Words of the Day: America, Angel, Apollo

My old blog, the Word of the Day, is defunct, and I’m getting ready to take it down. Before I do, though, I’m going to repost some of the best words here over the next few weeks. Enjoy!


dreammasterIn the English-speaking world, America almost always refers only to the United States, even though technically it could refer to North and South America together. The usual etymological story is that America comes from Amerigo Vespucci, the Italian navigator who voyaged to the Americas shortly after Columbus and claimed to have discovered them. His name appeared Latinized as America in a geographical treatise published around that time, and the name stuck. To be fair, Vespucci was the first to claim that the Americas were separate continents, and he was the first to refer to them as Mundus Novus, the New World. Why the cartographer rejected the name Vespucia is unknown, but personally I think we can all be grateful to him for choosing America.

The name Amerigo, by the way, is Italian, but ultimately derived from Gothic Almarich, “work-ruler” (compare German reich, “kingdom”), and is cognate with the English names Emmerich and Emery. Thus America is not originally Latin or Italian, but Germanic.

There are a couple of alternative theories for the origin of America – fascinating ones, if unlikely. One is that America was originally named after a region of Nicaragua called Amerrique, visited by both Columbus and Vespucci, and rich in gold; and that Vespucci actually changed his name from Alberigo to Amerigo to reflect the importance of the discovery. If this is true, then America is not derived from Germanic, but from an indigenous name. Another is that it is named after Richard Amerike, an English financier who may have underwritten the voyages of John Cabot as well as pre-Columbus voyages to North America in search of cod. The name Amerike is an Anglicized version of the original Welsh name ap Meryk, “son of Meryk”; so in this case America is originally a Celtic name!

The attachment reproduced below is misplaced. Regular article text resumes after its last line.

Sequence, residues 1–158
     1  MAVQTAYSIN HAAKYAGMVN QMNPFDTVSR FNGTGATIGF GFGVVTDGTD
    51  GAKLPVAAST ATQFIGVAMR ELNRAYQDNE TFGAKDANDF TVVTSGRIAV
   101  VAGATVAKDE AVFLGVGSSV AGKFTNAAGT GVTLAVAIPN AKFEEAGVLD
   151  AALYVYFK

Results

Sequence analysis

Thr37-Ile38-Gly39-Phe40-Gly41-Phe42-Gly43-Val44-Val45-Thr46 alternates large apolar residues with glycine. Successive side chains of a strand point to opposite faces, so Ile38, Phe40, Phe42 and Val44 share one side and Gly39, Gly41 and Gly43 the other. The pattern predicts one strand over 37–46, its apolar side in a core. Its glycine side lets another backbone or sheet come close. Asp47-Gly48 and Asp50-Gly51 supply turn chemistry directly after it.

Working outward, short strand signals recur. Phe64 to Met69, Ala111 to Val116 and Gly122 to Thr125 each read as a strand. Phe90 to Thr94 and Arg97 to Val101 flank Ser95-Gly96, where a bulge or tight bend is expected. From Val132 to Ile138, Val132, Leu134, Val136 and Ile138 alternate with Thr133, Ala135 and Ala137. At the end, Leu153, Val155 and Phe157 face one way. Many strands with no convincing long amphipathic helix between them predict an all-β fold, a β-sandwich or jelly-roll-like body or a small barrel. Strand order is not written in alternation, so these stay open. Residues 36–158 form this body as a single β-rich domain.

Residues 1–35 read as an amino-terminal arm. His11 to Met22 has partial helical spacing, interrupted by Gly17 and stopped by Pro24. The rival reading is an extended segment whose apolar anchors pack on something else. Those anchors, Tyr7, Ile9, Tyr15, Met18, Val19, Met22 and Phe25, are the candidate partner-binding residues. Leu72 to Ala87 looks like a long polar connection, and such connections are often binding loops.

The sounds in America seem to parallel the history of the United States. The first syllable, “a”, is pronounced “uh” and indicates both freedom and thoughtfulness, and is appropriate for the Declaration of Independence, the Constitution, and the Federalist Papers. Its primary syllable, “mer”, is similar to the Middle English mere of mermaid, and Latin mare of maritime the sea – and suggests a manifestation of strength and power, appropriate for the military and economic strength of the United States as it extended its domain across the continent. The next syllable, “ric”, is similar to rich, reach, and Reich, and indicates solidification and containment of power, appropriate to America’s imperial ambitions. The final syllable, “a”, is pronounced “ah”, and indicates a return to Source energy. This corresponds to nothing in America’s history… so far. We can only hope.


interviewfrankmaceowenAngel is not a word from Proto Indo European; it began as a term in some unknown Asian language, perhaps related to Sanskrit ajira, “swift”. This term was borrowed into Greek at some point — the Greeks had a great deal of commerce with southern Russia, Turkey, and the Middle East — and became both angaros, “mounted courier”, and angelos, “messenger”. When the Bible was written in Greek, angelos was chosen to translate the Hebrew term mal’akh yhwh, “messenger of God”. When the Bible was translated into Latin, instead of using a Latin term for “messenger”, such as cursor or nuntium, the word angelos was borrowed over as angelus. This then descended into English as angel.

The sounds of angel indicate an elastic, spread-out energy that narrows toward a troubled or difficult decision point, before relaxing into a liquid light/air state. The primary stressed syllable (”ang”) carries the focus of the meaning, which is the gathering of the energy to the decision point. Presumably this refers to the action of the angels in guiding their charges through difficult times.


appalachiantrailThe Greek god of medicine and healing, light, truth, archery, colonists, prophecy, herds and flocks, music, poetry, and the sun. The origin of his name is uncertain, though there are many possibilities — apollumi, “the destroyer”; apolusis, “redeem”; apolousis, “purification”; aploun, “simple” or “unity”; aei-ballon “ever-shooting”; and apella “assembly”. The name may also be from the ancient Hittite diety Aplu, a god of healing, who may in turn have come from the Akkadian sun god Aplu Enlil, whose name meant literally “son of Enlil”, Enlil being one of the chief Sumerian gods. If this is the case, Apollo’s worship goes back to the dawn of Middle Eastern civilization.

Apollo’s name indicates Source energy that expands from a point to fill volume, like light; the result is a grounded, wholesome power.

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